"""
seq_len = len(sequence)
increment_sequence = generate_increments_sequence(seq_len)

for incr in increment_sequence:
# loop through each subset of the sequence
for j in xrange(incr):
# loop through each element in the subset
for k in xrange(j, seq_len, incr):
guess = k
# find the correct place for the element
while guess >= incr and sequence[guess - incr] > sequence[guess]:
sequence[guess], sequence[guess - incr] = sequence[guess - incr], sequence[guess]
guess -= incr

return sequence

The benefit of this is that it starts splitting out the increment generation from the sort generation, which is useful if you are to choose other increment strategies for your shell sort algorithm. If you find that you are calling the sort function a lot of times for the same sequence lengths you can then memoize the results for the generate_increments_sequence functions.

Making that change we get something like this:

def shell_sort(sequence, increment_function):
"""Sort a sequence using the shell sort algorithm
:sequence: the sequence to be sorted
:increment_function: function that generates the increment steps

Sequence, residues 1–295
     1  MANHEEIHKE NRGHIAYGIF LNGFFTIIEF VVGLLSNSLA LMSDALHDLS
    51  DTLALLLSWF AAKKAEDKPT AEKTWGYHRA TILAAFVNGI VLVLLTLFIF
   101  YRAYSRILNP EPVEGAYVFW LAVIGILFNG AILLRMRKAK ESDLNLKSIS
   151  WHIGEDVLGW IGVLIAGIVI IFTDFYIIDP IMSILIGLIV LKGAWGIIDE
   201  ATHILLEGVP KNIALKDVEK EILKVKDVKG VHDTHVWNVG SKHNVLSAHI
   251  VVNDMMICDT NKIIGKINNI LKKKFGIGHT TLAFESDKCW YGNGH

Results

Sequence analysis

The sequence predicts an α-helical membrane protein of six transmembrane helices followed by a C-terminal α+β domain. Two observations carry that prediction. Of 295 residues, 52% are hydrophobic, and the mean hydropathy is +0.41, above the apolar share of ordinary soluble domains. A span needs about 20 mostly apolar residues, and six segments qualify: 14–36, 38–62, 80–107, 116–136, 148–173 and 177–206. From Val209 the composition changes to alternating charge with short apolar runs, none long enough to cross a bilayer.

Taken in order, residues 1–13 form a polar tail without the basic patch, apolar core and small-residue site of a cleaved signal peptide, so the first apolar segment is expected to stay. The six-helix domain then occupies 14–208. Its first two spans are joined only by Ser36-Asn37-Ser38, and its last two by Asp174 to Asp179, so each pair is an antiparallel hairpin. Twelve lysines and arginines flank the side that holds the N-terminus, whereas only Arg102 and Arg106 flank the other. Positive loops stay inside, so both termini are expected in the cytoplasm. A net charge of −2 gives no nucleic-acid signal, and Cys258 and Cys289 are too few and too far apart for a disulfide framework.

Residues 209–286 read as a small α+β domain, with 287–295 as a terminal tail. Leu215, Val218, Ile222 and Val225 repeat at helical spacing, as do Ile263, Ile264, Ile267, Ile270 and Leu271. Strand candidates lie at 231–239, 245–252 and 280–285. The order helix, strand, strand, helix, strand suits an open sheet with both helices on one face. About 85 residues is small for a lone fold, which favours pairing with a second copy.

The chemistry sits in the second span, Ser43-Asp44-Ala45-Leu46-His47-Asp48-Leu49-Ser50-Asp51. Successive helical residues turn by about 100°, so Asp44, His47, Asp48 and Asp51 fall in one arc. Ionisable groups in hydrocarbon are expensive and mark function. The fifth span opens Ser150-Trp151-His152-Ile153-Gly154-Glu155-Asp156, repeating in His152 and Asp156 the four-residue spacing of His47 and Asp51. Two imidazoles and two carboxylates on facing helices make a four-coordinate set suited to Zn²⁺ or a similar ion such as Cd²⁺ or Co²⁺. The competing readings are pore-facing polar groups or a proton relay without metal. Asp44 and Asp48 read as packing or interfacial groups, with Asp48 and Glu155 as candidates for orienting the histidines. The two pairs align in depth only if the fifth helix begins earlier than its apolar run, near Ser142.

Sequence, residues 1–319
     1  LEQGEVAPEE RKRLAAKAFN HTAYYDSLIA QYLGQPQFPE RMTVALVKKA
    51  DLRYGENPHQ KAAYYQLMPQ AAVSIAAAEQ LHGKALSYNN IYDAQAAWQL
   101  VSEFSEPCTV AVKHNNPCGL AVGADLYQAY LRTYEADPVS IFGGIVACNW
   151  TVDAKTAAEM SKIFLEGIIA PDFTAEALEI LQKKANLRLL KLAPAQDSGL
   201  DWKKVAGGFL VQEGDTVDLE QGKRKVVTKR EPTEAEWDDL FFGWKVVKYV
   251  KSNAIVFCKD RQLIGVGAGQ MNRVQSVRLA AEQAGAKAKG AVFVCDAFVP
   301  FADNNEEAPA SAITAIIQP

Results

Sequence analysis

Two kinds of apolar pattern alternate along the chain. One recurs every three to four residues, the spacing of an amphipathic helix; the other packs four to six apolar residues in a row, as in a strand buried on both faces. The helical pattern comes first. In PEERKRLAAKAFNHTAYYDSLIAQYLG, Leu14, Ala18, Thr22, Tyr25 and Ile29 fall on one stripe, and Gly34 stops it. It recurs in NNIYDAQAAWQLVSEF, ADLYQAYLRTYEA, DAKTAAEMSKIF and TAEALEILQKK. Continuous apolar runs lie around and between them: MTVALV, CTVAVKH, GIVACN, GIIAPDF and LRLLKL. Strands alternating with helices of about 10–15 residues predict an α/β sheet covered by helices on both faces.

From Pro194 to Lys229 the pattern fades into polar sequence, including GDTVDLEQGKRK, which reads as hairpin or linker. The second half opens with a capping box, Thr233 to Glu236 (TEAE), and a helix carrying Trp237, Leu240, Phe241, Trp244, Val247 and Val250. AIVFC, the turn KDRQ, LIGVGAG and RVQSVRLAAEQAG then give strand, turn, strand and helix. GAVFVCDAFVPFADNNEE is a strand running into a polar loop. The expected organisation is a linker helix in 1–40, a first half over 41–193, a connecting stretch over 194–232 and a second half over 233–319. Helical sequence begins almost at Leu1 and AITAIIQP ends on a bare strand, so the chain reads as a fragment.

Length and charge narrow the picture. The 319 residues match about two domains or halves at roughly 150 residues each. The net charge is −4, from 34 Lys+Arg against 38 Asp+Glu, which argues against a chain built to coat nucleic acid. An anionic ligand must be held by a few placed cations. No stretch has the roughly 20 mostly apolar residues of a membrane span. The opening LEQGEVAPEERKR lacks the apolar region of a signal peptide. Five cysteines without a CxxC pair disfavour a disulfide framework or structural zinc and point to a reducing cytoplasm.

"""
seq_len = len(sequence)
increment_sequence = increment_function(seq_len)

for incr in increment_sequence:
# loop through each subset of the sequence
for j in xrange(incr):
# loop through each element in the subset
for k in xrange(j, seq_len, incr):
guess = k
# find the correct place for the element
while guess >= incr and sequence[guess - incr] > sequence[guess]:
sequence[guess], sequence[guess - incr] = sequence[guess - incr], sequence[guess]
guess -= incr

return sequence

which we can call with:

sorted_seq = shell_sort(foo, generate_increments_sequence)

nitpicks

• pythonic would be to use ''' docstring ''' for descriptions instead of # comments #
• pythonic would be not to comment the obvious - # initialize the increment sequence for example - it's obvious what you are doing, the why is what is important not the what.
• pythonic is to follow some of the conventions as identified in pep8, such as only one command per line; e.g. not if x is true: y = 1 is frowned upon.

shuttle87 made these changes in his good response, but I hope the above helps you see why his differed from yours.

''' shell sort; ignore the comments '''
def shell_sort(sequence):
'''
shell sort needs an increment sequence
the increment sequence used here is 1, 2, 4, 8, 21, 56, 149, 404, 1098...
the sequence is defined by the following equation: round(e^(n-2)) + 1
'''

increment_sequence = []
e = 2.718281828459
counter = 0
while True:
counter += 1
current_value = int(round(e ** (counter - 2)) + 1)
if current_value >= len(sequence):
break
increment_sequence.append(current_value)

# loop through the increment sequence
for i in increment_sequence:
# loop through each subset of the sequence
for j in xrange(i):
# loop through each element in the subset
for k in xrange(j, len(sequence), i):
guess = k
# find the correct place for the element
while guess >= i and sequence[guess - i] > sequence[guess]:
sequence[guess], sequence[guess - i] = sequence[guess - i], sequence[guess]
guess -= i

return sequence